But things did not always go smoothly; there have been post-abortion deaths, and Allred has been sued many times. One abortion technique Allred used in the early days was saline amniocentesis–injecting saline in place of the normal amniotic fluid–which slowly poisons the baby while burning its skin. This method was usually used in late-term abortions, and the baby typically took an hour to 90 minutes to die. In 1977, Gianna Jessen’s 17-year-old mother went to Dr. Allred’s Avalon Clinic in Inglewood, California, seeking to abort a pregnancy of 29 weeks (seven months). Dr. Allred used the salt poisoning method, underestimating the amount of saline necessary to kill the fetus, which began struggling to escape the deadly womb. Gianna Jessen was born alive, and Dr. Allred is listed on her birth certificate as the doctor who delivered her. Gianna suffers from cerebral palsy, which she calls the gift of cerebral palsy, and today has become a prominent spokeswoman in the pro-life movement.
Dr. Allred sold Family Planning Associates in 2005, and has retired from the abortion business. He devotes his time to a hobby and passion he acquired while still in medical school: horse racing. Dr. Allred now owns Los Alamitos Race Track in Cypress, California, and Ruidoso Downs, in New Mexico. Horse racing is a very dangerous “sport,” and the exploitation of jockeys is one of the most under reported aspects of that “sport” (really just an excuse for gambling).
Jockeys are independent contractors who earn on average about $38,000 per year; for a basic “mount fee” of as little as $60.00 per race, they risk death and paralysis. In a typical year, at least one or two jockeys are killed or suffer catastrophic spinal cord injuries, and yet the tracks do not carry adequate insurance. A paralyzed jockey will typically burn through a million dollars in medical bills in the first 2 years after the accident. This isn’t a theoretical concern; on September 2, 2011, Jacky Martin suffered a broken neck in a fall at Ruidoso Downs, is now a quadriplegic, and needs mechanical help to breathe. Ruidoso downs reportedly carries only $500,000 in accident insurance, and, as in almost every case of this type, that is grossly inadequate to provide for Jacky Martin’s ongoing medical needs.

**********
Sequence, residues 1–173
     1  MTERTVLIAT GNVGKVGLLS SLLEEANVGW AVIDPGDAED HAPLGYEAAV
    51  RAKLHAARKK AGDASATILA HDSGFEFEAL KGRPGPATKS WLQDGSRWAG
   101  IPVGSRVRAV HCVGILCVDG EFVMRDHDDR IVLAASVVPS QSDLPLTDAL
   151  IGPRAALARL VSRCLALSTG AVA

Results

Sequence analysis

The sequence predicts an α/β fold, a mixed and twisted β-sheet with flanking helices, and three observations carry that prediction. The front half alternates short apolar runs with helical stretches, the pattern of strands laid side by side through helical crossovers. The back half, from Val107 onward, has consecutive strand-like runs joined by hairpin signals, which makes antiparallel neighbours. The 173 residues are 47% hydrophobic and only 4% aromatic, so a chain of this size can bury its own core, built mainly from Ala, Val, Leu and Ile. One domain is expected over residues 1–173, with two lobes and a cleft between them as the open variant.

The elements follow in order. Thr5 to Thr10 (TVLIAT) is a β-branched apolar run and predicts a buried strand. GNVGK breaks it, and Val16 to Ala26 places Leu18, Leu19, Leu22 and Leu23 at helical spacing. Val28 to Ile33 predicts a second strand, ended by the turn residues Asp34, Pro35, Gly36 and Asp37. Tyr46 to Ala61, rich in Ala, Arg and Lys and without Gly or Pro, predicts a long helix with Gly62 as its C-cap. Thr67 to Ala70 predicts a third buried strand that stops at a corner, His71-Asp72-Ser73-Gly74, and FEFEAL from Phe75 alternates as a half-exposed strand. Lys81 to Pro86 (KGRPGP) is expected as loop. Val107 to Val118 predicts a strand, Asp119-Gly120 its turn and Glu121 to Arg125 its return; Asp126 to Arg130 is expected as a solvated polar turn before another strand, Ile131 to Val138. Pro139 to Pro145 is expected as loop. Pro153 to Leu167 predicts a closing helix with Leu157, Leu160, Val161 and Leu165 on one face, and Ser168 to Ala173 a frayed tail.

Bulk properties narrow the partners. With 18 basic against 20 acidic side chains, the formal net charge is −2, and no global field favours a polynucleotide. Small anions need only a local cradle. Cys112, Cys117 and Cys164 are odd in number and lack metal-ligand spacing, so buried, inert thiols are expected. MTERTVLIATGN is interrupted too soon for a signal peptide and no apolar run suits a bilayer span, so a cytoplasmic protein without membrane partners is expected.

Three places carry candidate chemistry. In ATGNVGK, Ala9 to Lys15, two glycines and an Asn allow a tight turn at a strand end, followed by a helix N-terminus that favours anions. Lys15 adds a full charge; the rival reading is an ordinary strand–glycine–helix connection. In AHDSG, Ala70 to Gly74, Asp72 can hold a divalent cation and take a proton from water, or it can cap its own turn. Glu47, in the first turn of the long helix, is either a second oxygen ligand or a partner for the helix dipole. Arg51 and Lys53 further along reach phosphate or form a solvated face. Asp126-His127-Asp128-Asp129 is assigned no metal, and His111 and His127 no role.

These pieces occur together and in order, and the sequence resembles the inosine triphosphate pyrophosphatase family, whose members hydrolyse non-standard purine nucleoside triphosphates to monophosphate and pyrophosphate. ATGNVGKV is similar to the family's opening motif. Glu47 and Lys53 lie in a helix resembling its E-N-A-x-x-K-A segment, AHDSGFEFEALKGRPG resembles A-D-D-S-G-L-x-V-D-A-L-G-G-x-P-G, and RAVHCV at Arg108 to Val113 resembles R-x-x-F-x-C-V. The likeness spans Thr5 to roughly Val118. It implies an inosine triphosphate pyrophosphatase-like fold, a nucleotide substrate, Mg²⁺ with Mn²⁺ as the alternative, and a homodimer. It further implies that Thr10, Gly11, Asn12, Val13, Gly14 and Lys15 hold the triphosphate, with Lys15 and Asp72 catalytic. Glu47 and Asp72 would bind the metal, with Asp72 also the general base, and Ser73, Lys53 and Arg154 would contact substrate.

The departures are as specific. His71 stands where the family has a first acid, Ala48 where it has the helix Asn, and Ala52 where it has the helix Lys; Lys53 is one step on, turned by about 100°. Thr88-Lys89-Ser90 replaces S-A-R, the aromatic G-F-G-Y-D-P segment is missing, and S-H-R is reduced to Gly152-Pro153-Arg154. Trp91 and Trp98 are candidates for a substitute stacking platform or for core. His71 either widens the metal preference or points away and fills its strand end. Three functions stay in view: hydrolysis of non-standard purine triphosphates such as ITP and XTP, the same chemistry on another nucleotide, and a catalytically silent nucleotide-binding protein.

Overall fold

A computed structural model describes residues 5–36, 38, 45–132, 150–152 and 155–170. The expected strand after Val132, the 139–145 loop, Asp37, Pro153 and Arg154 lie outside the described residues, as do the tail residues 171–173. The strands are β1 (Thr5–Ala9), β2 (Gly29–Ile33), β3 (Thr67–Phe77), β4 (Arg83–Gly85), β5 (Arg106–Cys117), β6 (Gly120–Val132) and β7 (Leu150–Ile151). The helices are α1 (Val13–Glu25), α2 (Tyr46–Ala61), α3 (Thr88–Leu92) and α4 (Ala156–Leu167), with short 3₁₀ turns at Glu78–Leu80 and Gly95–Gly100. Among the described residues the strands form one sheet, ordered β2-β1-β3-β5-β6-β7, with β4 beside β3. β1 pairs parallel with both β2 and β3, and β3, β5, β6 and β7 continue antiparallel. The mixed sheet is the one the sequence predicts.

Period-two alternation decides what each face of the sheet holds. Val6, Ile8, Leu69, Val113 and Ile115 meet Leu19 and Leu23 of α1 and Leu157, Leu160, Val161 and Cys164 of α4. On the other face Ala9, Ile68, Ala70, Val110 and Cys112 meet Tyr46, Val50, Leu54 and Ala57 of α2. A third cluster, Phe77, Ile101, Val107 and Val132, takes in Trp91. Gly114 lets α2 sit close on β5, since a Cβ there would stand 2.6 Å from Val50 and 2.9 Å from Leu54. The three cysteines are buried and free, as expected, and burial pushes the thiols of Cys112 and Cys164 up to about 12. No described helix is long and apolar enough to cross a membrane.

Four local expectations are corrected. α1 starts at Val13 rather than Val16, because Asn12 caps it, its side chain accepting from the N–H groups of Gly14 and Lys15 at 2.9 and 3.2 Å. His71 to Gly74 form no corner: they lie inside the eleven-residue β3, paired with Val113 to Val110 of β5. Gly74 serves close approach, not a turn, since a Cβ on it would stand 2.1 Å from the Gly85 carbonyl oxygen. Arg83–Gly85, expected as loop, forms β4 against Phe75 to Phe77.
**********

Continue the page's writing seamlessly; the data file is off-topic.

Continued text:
These men and women risk death an catastrophic injury almost solely to provide an occasion for gambling. At Los Alamitos, the daily “handle,” or total dollar amount of bets taken in, was reported to be $1.3 million. Allred decided to simulcast Los Alamitos races to other venues, thus enabling gamblers to bet and lose money on races that they did not attend. Ruidoso Downs had been losing money, but Allred and his partners made the track profitable by adding 300 slot machines, some of which are proudly shown on the track’s website. Attendance at horse racing venues has sharply declined in recent years, and industry insiders say the “sport” cannot survive without casino-style gaming at the tracks. But is saving the tracks in the public’s interest? According to the National Gambling Impact Study Commission (NGISC), more than one in three racetrack patrons is a pathological or problem gambler, so the tracks cause financial problems for the patrons, as well as causing jockeys to risk death and quadriplegia.
Back to La Sierra University. The Board of Directors is stocked with Adventist Church leaders. Pacific Union president Ricardo Graham is Chairman of the Board of Trustees, and all the affiliated conference presidents within the Pacific Union are also board members. These are all decent men, so it is difficult to understand how they could have allowed La Sierra to become associated with such a person as Edward C. Allred. This sad incident, along with previous stories—such as the issuing of tax-free bonds that came with a secularizing bond covenant, and the ongoing failure to prevent Darwinism being inculcated as truth—call into question whether the Board of Trustees is exercising any meaningful oversight at all.
If the church leadership in the region cannot reform La Sierra, world church leadership must take action. If La Sierra cannot be reformed, it must be clearly and publicly separated from the official church.